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I needed very simple uberjar functionality with clojure.main as the Main-Class in the manifest. I forked and updated depstar to provide that (a PR is in to @ghadi but my last PR to update the readme to explain the lack of manifest hasn't garnered a response yet so...).


;; uberjar building:
  ;; - see  for a minimalist approach:
  ;; - uses my fork that adds manifest support
  ;;   - clj -A:depstar result.jar -m
  ;;     - sets clojure.main-main as the entry point
  ;;   - clj -A:depstar result.jar my.project
  ;;     - sets my.project/-main as the entry point
  :depstar {:extra-deps
             {:git/url ""
              :sha "a328136da59ea9b83483189451fb71aafd13bdb1"}}
            :main-opts ["-m" "hf.depstar.uberjar"]}

Michael Fiano06:10:05

As a beginner to tools.deps and Clojure in general, I just banged my head against the wall for a couple hours figuring this implementation detail out, because the documentation leaves off this edge case. I discovered something with alias loading I thought would be worthwhile to share here in any case: Assuming you have 2 aliases with :main-opts keys, regardless if other keys from other alias types are present in them or not: If -M is specified on the command line for both aliases, only the last alias is used as documented. If -A is specified on the command line for both aliases, only the last alias is used as per the documentation for -M. If -A is specified for one, and then -M is specified for the other, only the last one is used. If -M is specified for one, and then -A is specified for the other, still only the -M one is used, even though -A is later. It's that last rule that got me good. In short, you have to be very careful here.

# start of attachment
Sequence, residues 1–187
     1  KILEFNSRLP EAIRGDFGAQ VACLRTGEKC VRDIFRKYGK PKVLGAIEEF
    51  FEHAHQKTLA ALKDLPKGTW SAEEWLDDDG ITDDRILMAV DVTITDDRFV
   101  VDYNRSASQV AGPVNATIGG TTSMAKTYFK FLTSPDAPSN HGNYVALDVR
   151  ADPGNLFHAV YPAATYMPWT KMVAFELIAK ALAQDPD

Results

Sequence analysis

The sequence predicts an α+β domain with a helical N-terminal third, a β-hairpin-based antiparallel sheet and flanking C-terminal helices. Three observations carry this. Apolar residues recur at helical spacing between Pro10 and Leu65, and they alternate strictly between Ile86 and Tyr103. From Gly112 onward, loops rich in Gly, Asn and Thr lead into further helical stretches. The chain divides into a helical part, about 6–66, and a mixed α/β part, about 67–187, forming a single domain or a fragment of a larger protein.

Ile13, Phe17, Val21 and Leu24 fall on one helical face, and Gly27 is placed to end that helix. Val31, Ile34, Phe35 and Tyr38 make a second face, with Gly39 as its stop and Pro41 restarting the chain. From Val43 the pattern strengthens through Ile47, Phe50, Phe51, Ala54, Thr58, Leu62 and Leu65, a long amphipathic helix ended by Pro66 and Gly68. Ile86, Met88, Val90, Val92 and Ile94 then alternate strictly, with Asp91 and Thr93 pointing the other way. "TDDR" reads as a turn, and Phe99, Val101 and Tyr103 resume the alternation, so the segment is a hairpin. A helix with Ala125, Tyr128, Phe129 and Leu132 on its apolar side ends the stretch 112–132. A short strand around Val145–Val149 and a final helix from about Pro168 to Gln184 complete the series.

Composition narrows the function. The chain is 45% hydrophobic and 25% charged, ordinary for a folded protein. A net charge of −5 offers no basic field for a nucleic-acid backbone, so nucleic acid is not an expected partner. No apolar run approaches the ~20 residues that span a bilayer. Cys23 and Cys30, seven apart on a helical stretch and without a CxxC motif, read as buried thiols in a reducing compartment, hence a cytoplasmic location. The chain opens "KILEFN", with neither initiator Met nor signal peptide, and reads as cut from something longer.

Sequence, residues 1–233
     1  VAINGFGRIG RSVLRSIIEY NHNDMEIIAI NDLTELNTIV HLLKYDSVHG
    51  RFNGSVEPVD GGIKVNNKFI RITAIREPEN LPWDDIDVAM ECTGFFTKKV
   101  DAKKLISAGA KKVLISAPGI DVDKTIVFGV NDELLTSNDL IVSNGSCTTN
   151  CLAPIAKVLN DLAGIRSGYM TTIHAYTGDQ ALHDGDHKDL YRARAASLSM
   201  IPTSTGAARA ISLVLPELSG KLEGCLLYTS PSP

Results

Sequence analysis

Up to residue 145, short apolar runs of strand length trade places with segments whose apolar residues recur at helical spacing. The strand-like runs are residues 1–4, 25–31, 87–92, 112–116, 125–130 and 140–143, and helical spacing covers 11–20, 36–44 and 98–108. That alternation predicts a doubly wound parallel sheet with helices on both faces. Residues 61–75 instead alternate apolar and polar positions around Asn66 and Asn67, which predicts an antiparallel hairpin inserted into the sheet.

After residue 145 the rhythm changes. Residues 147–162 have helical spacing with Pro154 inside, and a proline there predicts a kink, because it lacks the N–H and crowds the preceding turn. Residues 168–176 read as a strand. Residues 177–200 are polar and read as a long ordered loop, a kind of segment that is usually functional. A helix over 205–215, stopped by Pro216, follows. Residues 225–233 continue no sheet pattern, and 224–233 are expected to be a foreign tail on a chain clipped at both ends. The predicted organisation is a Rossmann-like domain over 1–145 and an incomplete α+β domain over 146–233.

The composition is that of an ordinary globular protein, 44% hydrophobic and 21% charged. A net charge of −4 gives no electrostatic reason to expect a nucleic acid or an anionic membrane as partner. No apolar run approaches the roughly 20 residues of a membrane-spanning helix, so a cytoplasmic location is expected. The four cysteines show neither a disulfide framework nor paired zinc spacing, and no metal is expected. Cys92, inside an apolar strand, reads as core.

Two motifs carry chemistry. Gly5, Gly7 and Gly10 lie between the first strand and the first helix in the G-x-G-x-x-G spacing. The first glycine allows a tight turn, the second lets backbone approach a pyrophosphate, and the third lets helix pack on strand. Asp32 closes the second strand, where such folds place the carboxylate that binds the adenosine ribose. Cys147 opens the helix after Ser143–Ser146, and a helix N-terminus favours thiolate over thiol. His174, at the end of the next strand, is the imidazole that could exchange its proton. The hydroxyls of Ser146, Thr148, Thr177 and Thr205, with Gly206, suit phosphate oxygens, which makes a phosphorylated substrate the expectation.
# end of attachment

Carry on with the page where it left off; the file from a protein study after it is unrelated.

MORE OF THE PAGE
😬 4

Anyone recommendations for a thing that will package my deps.edn lib into a jar and install it into the local repo?


Pack doesn't do regular jars, cambada doesn't install them into local maven, meyvn seems a little more involved


I think the other one is depstar? No idea if it does what you want though.


yeah they all are a bit tricky to use, each with their own set of tradeoffs


personnaly I am half tempted to just rely on having clj installed and run apps with it, more or less what you do with cljdocs I think @martinklepsch right (bash script that downloads the archive, upacks it and runs)?


capsule based build seemed quite a good idea (one of the options on juxt.pack), but I am not sure where that project is heading


@mpenet happy to answer questions you might have!